March 31, 2015
Warning: Don't sell energy drinks to kids!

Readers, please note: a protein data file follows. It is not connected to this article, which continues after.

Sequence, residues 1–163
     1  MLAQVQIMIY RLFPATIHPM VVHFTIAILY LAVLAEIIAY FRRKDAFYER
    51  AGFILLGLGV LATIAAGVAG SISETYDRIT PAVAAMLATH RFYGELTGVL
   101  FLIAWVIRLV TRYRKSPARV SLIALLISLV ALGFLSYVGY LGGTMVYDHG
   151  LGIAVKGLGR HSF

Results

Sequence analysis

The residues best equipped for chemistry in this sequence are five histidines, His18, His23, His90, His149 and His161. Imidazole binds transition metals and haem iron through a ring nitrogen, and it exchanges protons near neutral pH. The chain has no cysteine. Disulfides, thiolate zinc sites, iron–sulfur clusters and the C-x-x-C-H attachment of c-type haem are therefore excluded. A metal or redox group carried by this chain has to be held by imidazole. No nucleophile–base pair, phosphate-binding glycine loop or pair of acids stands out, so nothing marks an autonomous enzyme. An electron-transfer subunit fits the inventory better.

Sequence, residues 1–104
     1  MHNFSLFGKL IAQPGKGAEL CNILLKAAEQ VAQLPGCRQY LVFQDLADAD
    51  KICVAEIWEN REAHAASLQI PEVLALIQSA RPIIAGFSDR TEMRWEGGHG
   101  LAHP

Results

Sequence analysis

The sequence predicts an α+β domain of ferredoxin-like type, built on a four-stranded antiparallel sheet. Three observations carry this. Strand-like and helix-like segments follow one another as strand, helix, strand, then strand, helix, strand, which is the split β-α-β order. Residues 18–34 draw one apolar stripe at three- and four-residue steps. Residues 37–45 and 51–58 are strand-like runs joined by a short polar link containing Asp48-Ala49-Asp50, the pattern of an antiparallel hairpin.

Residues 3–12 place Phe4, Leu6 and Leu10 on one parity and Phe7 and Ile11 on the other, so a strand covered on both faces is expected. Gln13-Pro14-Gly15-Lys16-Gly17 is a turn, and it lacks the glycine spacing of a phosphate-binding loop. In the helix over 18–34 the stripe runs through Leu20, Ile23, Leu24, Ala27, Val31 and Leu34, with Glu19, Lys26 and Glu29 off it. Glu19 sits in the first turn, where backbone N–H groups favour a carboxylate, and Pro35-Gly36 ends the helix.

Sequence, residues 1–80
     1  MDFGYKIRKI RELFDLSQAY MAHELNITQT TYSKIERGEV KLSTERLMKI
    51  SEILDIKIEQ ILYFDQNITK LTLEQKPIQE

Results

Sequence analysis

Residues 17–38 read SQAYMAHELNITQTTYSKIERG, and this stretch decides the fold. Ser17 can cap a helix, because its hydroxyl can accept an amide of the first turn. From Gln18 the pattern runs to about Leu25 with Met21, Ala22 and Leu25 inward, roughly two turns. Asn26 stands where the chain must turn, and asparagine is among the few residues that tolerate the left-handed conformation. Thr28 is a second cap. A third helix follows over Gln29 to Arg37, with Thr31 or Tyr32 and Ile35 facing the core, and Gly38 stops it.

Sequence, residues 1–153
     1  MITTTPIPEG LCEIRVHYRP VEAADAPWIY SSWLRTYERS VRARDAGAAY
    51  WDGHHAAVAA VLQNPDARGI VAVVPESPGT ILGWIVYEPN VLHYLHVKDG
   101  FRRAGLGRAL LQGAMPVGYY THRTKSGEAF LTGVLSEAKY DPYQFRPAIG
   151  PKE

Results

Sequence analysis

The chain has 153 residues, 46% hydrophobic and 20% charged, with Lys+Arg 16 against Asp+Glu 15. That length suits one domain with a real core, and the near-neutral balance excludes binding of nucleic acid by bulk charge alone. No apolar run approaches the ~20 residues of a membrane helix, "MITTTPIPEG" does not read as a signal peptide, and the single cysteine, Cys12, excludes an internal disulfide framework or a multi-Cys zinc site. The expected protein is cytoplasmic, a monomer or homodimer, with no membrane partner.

Energy drinks can be harmful to kids and adolescents, and should not be sold or marketed to children under 18, according to a new study by a consumer advocacy group. “Something needs to be done to reduce the dangers of these products to children,” says Jennifer Harris, a co-author of the study and director of marketing initiatives at the Rudd Center for Food Policy and Obesity at the University of Connecticut, in a phone interview. “Companies say these products are safe to market and sell to children as young as 12, but the evidence says otherwise.” Like tobacco, says Harris, energy drinks such as Red Bull and Monster should be kept behind the counter with sales limited to adults. “A lot of parents just don’t understand how dangerous these are for kids” she says. Kids who drink high-caffeinated energy drinks can suffer negative health, social, emotional and behavioral problems, the study says. The number of hospital emergency-room visits by 12- to 17-year-olds linked to energy drinks increased from 1,145 in 2007 to 1,499 in 2011, says the study, which was funded by the Robert Wood Johnson Foundation. It appears in the April issue of the journal Nutrition Reviews. Energy drink sales continue to explode in the U.S. and globally. The global energy drink industry leaped to about $27.5 billion last year from about $3.8 billion in 1999, reports Euromonitor, a market research specialist. Within the beverage industry, where soft drink sales continue to decline, much of the growth comes from energy drinks. Sales of energy drinks jumped 53% between 2007 and 2012, according to the study, which claims to be the first to fully examine existing research, particularly on the marketing of energy drinks to youth under 18. Energy drink brands spent $282 million in advertising in all media in 2012, about 2.5 times the amount spent in 2008, the study notes. he results, however, were ridiculed by the American Beverage Association, an industry trade group. “Energy drinks have been enjoyed safely by millions of people around the world for more than 25 years, and in the U.S. for more than 15 years,” says the trade group, in a statement. “This report ignores crucial data about energy drinks and caffeine consumption in the U.S. Based on the most recent government data reported in the journal Pediatrics, children under 12 have virtually no caffeine consumption from energy drinks.” The group also says that leading energy drink manufacturers voluntarily go far beyond all federal requirements when it comes to labeling and education. “In fact, ABA member companies voluntarily display total caffeine content — from all sources — on their packages along with advisory statements indicating that the product is not recommended for children, pregnant or nursing women and persons sensitive to caffeine. They also have voluntarily pledged not to market these products to children or sell them in K-12 schools,” says the statement. Energy drinks, ingredients and labeling, are regulated by the FDA and, like most consumer products, their advertising is subject to oversight from the U.S. Federal Trade Commission. But Harris points out that the American Academy of Pediatrics recommends that children and adolescents not consume energy drinks. Also, the American Medical Association supports banning the marketing of energy drinks to kids under 18, she notes. If the industry doesn’t take more concrete steps to protect children under 18, Harris says, “government policies may be necessary.” http://www.usatoday.com/story/money/2015/03/24/energy-drinks-beverages-red-bull-monster-rudd-center-for-food-policy-and-obesity/70388384/